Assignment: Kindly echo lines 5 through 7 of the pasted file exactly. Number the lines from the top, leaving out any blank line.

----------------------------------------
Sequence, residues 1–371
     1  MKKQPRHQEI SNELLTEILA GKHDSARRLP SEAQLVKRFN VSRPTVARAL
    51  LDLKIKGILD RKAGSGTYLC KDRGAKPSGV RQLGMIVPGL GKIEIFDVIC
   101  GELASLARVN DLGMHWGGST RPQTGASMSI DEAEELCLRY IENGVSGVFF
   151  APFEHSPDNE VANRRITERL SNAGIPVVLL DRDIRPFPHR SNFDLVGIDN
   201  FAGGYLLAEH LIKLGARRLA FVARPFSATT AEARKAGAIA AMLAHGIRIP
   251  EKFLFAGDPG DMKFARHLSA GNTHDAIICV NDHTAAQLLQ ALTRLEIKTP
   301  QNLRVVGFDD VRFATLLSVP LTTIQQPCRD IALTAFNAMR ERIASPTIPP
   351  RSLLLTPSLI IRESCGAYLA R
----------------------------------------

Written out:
   151  APFEHSPDNE VANRRITERL SNAGIPVVLL DRDIRPFPHR SNFDLVGIDN
   201  FAGGYLLAEH LIKLGARRLA FVARPFSATT AEARKAGAIA AMLAHGIRIP
   251  EKFLFAGDPG DMKFARHLSA GNTHDAIICV NDHTAAQLLQ ALTRLEIKTP